The SIGINT and SIGQUIT signals for an invoked command are ignored if the command is followed by & and job monitor option is not active. Otherwise, signals have the values inherited by the shell from its parent (but see also the trap command).
 

Execution

Each time a command is executed, the previous substitutions are carried out. If the command name matches one of the special commands listed later, it is executed within the current shell process. Next, the command name is checked to see if it matches one of the user-defined functions. If it does, the positional parameters are saved and then reset to the arguments of the function call. When the function is completed or issues a return, the positional parameter list is restored and any trap set on EXIT within the function is executed. The value of a function is the value of the last command executed. A function is also executed in the current shell process. If a command name is not a special command or a user-defined function, a process is created and an attempt is made to execute the command via exec.

The PATH shell parameter defines the search path for the directory containing the command. Alternative directory names are separated by a : (colon). The default path is :/usr/bin: (specifying /usr/bin, and the current directory in that order). The current directory can be specified by two or more adjacent colons, or by a colon at the beginning or end of the path list. If the command name contains a / (slash), then the search path is not used. Otherwise, each directory in the path is searched for an executable file.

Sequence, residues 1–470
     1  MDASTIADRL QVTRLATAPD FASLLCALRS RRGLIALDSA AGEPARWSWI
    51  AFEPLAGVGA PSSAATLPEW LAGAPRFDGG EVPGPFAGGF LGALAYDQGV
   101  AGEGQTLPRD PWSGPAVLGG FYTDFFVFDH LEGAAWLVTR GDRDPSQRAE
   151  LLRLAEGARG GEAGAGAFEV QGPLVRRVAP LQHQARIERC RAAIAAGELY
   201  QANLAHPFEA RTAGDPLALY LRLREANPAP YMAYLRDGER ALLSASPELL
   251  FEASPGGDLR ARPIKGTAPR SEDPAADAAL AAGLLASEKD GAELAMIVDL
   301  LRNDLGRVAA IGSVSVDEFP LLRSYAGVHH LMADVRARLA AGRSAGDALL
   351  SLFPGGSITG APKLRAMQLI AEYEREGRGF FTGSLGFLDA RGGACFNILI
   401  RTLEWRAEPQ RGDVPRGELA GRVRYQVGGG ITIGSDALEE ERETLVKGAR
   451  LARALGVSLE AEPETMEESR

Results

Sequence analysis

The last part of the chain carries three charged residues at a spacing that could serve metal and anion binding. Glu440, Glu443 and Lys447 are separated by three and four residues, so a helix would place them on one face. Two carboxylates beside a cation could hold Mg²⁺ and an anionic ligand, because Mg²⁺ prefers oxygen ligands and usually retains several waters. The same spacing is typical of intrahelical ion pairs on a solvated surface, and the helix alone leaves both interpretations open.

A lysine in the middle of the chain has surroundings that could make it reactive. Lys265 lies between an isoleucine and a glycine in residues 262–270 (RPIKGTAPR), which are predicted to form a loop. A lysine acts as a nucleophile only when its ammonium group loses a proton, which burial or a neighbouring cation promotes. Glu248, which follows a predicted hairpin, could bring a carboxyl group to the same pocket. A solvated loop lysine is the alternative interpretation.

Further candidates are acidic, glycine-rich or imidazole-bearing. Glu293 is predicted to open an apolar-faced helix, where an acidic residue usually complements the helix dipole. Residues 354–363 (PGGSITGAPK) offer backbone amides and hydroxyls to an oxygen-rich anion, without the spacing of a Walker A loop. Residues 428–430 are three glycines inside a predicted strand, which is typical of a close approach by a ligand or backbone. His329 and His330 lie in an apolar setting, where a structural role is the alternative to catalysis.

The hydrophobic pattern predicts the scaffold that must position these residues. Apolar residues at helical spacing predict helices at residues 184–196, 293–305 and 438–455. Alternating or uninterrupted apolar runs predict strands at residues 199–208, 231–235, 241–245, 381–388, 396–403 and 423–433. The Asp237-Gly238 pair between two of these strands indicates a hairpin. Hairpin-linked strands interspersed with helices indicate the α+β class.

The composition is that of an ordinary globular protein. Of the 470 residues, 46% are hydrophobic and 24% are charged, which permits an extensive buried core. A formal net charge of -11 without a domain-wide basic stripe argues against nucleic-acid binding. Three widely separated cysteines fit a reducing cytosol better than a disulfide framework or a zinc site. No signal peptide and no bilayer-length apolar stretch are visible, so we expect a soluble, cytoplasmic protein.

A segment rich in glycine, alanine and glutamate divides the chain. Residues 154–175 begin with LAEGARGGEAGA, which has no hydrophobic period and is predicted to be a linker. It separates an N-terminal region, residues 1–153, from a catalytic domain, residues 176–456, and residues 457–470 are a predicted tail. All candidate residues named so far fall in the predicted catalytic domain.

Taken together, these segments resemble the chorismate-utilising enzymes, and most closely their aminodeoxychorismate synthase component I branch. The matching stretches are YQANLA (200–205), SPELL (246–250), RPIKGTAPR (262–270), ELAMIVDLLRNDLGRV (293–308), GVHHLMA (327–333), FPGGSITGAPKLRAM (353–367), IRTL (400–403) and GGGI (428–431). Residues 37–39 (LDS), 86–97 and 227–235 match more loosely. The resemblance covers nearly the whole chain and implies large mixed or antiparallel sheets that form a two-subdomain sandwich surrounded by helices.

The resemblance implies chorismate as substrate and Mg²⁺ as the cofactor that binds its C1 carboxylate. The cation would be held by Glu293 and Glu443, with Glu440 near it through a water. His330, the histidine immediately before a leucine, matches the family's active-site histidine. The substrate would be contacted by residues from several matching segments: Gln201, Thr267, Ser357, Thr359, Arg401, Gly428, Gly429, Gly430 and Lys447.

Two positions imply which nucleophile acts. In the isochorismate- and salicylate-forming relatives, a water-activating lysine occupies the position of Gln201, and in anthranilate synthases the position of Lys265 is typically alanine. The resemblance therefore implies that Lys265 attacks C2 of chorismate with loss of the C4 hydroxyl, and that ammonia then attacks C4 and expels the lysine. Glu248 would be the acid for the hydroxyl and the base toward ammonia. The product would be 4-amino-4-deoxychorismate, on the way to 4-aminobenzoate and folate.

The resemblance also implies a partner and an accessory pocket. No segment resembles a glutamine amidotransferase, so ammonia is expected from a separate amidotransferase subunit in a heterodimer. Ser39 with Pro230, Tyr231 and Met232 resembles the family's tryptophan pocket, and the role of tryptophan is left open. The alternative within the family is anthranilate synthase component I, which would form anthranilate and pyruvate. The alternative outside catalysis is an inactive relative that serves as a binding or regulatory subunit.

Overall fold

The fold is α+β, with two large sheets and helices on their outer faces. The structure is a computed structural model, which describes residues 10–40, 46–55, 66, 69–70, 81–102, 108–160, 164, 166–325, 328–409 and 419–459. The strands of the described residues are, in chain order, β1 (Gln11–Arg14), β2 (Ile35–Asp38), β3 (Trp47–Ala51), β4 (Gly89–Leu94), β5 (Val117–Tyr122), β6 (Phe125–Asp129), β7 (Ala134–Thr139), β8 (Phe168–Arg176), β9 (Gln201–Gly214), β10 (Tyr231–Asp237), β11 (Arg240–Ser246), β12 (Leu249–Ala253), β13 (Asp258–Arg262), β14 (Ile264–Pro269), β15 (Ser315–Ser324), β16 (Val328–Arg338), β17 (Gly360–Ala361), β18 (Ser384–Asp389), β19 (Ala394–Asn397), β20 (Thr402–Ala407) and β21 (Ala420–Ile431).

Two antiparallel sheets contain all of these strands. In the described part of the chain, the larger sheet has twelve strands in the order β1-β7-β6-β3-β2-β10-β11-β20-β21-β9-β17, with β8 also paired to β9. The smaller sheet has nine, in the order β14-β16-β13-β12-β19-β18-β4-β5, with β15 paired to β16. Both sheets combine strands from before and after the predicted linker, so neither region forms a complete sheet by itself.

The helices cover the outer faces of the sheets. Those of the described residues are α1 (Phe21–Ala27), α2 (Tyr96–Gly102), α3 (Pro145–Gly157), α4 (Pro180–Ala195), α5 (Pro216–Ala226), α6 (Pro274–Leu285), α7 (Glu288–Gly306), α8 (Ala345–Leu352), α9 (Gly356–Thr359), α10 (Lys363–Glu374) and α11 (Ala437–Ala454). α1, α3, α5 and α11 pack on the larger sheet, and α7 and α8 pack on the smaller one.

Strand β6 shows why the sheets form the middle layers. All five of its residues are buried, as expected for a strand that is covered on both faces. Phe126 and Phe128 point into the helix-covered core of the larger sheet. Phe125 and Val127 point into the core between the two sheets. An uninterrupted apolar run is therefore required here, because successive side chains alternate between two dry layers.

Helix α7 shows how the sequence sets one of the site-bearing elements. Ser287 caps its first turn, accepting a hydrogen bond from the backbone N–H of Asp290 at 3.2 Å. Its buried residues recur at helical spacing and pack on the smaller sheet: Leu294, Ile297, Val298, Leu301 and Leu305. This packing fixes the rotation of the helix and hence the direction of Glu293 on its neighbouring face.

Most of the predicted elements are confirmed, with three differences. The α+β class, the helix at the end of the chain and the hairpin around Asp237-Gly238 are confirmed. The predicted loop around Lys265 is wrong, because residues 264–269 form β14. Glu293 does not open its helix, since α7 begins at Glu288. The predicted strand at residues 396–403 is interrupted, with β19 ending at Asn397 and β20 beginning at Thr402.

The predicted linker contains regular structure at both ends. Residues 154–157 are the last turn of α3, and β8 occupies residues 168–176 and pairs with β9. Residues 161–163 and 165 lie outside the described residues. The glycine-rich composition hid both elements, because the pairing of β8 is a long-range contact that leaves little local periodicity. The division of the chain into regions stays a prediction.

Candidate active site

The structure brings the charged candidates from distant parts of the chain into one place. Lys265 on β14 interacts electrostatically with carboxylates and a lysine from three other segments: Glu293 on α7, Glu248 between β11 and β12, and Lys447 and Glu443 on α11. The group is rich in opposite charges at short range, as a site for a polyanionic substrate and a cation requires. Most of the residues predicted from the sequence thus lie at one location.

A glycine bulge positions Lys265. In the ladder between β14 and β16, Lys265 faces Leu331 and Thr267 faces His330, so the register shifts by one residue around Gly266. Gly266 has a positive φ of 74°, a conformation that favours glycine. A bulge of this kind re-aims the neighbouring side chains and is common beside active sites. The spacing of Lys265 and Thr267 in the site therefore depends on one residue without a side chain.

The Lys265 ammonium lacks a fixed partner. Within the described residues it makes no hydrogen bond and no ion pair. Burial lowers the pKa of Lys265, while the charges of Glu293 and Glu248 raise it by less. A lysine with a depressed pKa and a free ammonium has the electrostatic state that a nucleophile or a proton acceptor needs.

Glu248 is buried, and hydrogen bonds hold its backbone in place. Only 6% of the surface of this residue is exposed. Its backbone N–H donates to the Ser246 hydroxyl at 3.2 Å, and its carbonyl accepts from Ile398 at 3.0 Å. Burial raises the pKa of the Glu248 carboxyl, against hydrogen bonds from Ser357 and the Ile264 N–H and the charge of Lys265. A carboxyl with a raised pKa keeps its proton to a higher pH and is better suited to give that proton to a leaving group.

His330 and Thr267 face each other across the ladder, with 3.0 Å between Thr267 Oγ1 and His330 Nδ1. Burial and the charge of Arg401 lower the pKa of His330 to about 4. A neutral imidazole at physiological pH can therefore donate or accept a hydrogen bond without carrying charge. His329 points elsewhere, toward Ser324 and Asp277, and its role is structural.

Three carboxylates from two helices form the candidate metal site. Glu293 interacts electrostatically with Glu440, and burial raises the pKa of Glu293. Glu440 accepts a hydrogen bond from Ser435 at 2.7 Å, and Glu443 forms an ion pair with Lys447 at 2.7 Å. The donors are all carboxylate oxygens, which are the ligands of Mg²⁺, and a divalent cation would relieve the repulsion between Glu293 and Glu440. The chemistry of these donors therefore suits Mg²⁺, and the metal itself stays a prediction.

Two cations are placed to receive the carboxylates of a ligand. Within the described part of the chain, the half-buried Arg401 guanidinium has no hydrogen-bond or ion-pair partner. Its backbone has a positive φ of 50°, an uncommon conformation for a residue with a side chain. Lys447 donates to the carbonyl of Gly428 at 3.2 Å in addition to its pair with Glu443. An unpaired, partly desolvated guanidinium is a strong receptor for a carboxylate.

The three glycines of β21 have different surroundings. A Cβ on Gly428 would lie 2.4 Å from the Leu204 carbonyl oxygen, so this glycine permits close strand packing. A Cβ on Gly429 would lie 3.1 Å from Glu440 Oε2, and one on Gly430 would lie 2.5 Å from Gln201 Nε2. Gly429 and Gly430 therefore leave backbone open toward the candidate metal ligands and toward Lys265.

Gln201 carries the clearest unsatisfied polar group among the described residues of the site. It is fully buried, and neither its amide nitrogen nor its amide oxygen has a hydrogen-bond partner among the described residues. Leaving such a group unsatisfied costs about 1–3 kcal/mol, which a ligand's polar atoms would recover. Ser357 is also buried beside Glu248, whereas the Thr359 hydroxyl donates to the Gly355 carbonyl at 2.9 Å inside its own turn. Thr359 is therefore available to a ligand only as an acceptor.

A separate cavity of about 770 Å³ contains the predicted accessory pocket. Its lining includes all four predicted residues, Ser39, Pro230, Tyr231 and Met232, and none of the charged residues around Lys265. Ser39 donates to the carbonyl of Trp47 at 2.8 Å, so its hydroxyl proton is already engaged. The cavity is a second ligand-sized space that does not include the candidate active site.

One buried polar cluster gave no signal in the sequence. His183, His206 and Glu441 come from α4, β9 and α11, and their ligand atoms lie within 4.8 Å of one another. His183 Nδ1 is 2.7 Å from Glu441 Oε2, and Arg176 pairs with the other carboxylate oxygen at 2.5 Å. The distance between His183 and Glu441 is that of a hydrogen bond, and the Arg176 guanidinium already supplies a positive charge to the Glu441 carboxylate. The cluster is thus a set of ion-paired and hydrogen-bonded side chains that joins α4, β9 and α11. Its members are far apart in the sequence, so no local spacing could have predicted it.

If the file has execute permission but is not a directory or an a.out file, it is assumed to be a file containing shell commands. A subshell is spawned to read it. All nonexported aliases, functions, and named parameters are removed in this case. If the shell command file does not have read permission, or if the setuid and/or setgid bits are set on the file, the shell executes an agent whose job it is to set up the permissions and execute the shell with the shell command file passed down as an open file. A command in parentheses is executed in a subshell without removing nonexported quantities.
 

Command Reentry